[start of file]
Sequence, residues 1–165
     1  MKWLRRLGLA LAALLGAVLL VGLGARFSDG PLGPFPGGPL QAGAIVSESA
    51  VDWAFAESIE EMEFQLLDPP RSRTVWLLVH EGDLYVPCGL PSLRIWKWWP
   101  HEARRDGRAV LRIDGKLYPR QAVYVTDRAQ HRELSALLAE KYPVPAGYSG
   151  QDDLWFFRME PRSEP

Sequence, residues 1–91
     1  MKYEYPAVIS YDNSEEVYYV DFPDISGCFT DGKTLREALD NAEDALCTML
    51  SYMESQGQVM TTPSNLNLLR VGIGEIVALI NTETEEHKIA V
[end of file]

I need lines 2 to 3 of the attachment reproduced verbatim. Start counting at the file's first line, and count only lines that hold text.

     1  MKWLRRLGLA LAALLGAVLL VGLGARFSDG PLGPFPGGPL QAGAIVSESA
    51  VDWAFAESIE EMEFQLLDPP RSRTVWLLVH EGDLYVPCGL PSLRIWKWWP